Tuesday, September 16, 2008

Living Down to Expectations

I give up: my students in the Gender and Medieval Literature class have let me know that the fight to gain equal rights for women has utterly failed. Life today is apparently much like that of Anglo-Saxon England (although with better plumbing). Men, they tell me, are still expected to be brave and strong like Beowulf and the other warriors. You don't want a guy falling apart in an emergency, one told me, a woman can fall apart. Yeah, another agreed, if you go to a scary movie, you want to be able to hide on his shoulder when you're scared. Yes, as a horror film veteran, I rolled my eyes.

But I have to admit it feels like all the efforts of second and third wave feminists have been for naught. Given the virulent sexism of the political coverage for the last 18 months or so (brilliantly skewered by two of the funniest women working now, Tina Fey and Amy Poehler) even by supposedly "liberal" commentators like Jon Stewart and Keith Olberman, it kind of makes a gal lose all hope.

Teaching the Zemeckis Beowulf film in my upper division course rubs salt in that wound, too. I do still find it shocking that 21st century filmmakers have even less regard for women than the 11th century monks who wrote down the original text. The monks at least thought women had some purpose other than as sexual objects for men, could even seen women as powerful leaders. At least a couple of students in that class were appalled by the film, but it's small comfort when I have creative writing students writing about their future wedding day as "the best day of my life" -- yeah, and it's all downhill after that?

Is it really such a radical notion today that women are people, too? Not defined by biology? Not just not-men? I guess so.

7 comments:

Cranky Yankee said...

Yeah, working in a college environment is depressing for those of us who take our feminism seriously.

I'm surrounded by "little girls" who feel they shouldn't speak up in class because they're afraid the boys won't like them. And goddess forbid if one of their peers does talk in class...they are rudely made to feel like an outsider. And if you're an older woman (like myself) they (male and female) come right out and openly ridicule you.

K. A. Laity said...

Yeah, it's so depressing. You expect (or rather, I guess I expect) that college will be filled with women who want to learn, to prove themselves and be all they can be. I find them in short supply at our college. I think I had more women struggling with traditional expectations when I was in Houston, but most of them had ambitions to move beyond that. Maybe it's just these sheltered suburban kids? A lot of our majors are in education, which I find even more depressing.

Crispinus said...

Agreed about sheltered suburban kids. Though I find that at Skidmore the situation is reversed: the women in class tend to be the most thoughtful and forthcoming, the men grunting and guarded. An anomaly? I refuse to believe that my institution is an earthly paradise.

K. A. Laity said...

I think you may get more of the crème de la crème up your way. The few men we have in class often tend to do little more than grunt and model baseball caps, with the exception of upper division courses where all the engaged majors join in enthusiastically.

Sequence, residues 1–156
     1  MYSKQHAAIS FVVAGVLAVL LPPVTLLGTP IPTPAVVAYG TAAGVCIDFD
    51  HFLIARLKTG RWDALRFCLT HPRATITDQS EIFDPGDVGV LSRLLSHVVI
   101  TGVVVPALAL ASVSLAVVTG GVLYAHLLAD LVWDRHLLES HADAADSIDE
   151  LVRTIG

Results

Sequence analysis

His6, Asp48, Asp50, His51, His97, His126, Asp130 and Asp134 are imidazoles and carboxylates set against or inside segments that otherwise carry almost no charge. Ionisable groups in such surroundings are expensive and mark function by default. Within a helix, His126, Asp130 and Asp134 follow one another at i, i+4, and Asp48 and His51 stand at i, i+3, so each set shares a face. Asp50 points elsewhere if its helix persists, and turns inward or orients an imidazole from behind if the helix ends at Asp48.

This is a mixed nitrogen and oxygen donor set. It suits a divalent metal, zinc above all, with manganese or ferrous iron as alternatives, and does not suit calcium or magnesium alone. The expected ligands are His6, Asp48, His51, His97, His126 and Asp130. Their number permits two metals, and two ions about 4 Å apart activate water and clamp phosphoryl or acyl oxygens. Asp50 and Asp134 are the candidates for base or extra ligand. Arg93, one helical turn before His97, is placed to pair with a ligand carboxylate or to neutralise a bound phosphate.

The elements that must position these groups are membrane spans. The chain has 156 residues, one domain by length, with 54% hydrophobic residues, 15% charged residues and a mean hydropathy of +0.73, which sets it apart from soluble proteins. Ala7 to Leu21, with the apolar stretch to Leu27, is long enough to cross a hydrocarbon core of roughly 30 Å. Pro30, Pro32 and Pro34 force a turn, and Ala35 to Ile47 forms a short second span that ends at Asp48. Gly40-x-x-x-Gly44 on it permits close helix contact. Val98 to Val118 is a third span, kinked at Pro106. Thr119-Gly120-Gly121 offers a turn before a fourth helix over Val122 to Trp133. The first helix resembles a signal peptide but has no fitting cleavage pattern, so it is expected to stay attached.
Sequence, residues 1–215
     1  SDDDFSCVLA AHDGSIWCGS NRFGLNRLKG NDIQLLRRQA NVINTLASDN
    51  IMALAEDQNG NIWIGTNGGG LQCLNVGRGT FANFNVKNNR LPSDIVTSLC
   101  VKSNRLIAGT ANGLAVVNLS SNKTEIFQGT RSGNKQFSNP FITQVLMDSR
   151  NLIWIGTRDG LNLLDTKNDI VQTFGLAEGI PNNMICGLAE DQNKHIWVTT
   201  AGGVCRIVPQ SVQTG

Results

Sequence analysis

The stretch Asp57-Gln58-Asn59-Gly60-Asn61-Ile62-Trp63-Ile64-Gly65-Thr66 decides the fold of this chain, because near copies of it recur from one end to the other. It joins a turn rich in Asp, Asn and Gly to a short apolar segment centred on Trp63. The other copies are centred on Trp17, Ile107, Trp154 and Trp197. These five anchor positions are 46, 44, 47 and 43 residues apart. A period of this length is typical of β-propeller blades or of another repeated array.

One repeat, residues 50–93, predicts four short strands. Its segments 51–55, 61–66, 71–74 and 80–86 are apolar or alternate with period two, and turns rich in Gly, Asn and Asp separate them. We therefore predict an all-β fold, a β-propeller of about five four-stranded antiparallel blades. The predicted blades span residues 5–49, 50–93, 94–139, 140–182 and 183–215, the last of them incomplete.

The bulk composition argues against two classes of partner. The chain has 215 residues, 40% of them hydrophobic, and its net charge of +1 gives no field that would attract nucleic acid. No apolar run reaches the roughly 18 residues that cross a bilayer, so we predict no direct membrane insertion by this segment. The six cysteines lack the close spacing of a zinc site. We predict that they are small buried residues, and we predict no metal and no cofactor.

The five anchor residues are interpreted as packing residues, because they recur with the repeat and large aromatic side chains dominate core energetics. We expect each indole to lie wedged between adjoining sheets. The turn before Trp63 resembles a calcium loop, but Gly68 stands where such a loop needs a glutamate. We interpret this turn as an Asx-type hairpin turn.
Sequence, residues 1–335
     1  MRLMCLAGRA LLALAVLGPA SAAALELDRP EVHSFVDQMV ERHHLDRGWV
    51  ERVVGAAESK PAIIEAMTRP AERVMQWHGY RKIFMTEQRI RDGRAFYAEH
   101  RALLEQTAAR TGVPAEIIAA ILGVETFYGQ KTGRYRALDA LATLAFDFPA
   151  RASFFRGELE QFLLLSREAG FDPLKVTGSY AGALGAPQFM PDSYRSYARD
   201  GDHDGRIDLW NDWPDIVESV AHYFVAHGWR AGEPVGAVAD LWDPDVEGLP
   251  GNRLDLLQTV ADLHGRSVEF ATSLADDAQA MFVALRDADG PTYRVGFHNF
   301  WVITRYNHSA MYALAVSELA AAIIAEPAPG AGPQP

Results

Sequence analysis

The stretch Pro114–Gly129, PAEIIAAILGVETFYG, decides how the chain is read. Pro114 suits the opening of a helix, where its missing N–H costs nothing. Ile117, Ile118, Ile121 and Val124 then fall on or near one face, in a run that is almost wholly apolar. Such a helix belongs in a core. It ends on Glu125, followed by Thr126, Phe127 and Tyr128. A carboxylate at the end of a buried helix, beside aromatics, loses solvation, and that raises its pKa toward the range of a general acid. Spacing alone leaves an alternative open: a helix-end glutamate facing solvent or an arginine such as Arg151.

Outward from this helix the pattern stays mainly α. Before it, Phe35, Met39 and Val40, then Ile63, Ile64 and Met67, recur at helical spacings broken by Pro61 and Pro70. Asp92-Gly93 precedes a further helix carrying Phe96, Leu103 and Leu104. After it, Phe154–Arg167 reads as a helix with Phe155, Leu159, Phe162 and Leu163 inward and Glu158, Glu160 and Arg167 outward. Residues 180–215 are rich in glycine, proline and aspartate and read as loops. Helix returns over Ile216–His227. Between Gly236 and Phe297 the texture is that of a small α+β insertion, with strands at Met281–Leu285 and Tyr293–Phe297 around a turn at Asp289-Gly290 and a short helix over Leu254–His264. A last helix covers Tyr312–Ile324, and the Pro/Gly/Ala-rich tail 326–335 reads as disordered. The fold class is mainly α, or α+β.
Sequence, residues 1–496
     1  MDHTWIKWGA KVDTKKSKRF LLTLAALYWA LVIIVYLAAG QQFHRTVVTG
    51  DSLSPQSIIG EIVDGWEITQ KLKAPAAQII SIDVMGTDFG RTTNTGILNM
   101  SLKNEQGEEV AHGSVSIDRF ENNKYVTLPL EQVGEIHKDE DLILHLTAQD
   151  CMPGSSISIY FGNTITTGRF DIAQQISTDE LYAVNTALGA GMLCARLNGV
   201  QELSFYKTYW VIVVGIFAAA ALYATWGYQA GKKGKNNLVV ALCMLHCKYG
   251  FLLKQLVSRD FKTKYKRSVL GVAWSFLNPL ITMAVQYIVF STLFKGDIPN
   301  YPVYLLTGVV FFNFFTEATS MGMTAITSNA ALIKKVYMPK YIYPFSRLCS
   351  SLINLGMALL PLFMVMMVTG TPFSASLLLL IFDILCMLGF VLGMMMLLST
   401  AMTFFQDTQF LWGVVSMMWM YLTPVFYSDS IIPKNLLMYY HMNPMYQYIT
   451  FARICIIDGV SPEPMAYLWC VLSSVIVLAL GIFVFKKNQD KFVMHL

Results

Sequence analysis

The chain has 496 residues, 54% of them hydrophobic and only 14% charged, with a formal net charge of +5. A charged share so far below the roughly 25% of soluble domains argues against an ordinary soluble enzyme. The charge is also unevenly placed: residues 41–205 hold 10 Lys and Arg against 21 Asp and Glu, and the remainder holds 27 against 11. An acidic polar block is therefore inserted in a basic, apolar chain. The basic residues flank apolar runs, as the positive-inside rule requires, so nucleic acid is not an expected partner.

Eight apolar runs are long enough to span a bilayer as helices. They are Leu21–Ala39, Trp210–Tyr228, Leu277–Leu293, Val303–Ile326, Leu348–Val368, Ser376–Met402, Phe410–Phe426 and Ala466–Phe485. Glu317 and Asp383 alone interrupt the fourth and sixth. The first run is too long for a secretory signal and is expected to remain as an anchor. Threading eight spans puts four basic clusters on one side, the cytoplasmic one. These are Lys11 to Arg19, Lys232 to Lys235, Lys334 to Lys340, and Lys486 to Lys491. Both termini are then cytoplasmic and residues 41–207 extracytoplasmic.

I suppose one of the things that puzzles me is where those enthusiastic independent thinkers come from -- are they just not engaged in the sophomore level courses, suddenly springing into full flower when they hit that junior level?

I should say I have a couple of awake students in my sophomore class (and even in the 100-level, medieval for non-English majors, course), both women. There's only one guy which seems to provide the worst dynamic here at Saint Rose. I hate hate hate the way the class full of women tends to defer in silence to that one male.

Wendy said...

As you know, Kate, I feel your pain. It's so frustrating when students not only don't see the blatant sexism in a text, but also when they don't recognize their own role in the system.

Still, we may complain about college campuses, but at least we are talking about these issues. There are much more hostile environments for women.

Now, in my class today, we had a bunch of white kids talking about race... if I didn't laugh, I would cry. (well, it wasn't that bad, but still...)

The Queen said...

Sadly, it seems that most young women I'm in contact with have no problem playing second fiddle, if they get to play at all.
It's everywhere- the media sucks it up & spits it out: advertising uses women provocatively & rarely balances that with provocative male figures; music videos are frankly pornographic with the emphasis on male-only pleasure, the proliferation of photos on social networking sites and songs that are 'we're young girls with girls and isn't it hot, guys, but we're not really gay because that's too threatening' makes me sick.
Shall I go on about the hate culture we have? "Reality shows", politics, and websites all showcase the negative, bullying, hateful attitudes that are paraded around as if it's normal behavior. And, once again, a lot of the negative is directed towards women.
Sorry- I think I just ranted all over someone's blog....

K. A. Laity said...

QOE -- that's what blogs are for, you know?

Wendy -- yes, you're right. Certainly the corporate world is far worse than the academic one, something many of my students will be discovering to their dismay once they graduate. Funny how the real world makes them realise these things.

Yeah, hard to talk about race in a monochrome classroom. Makes me miss my UHD students again.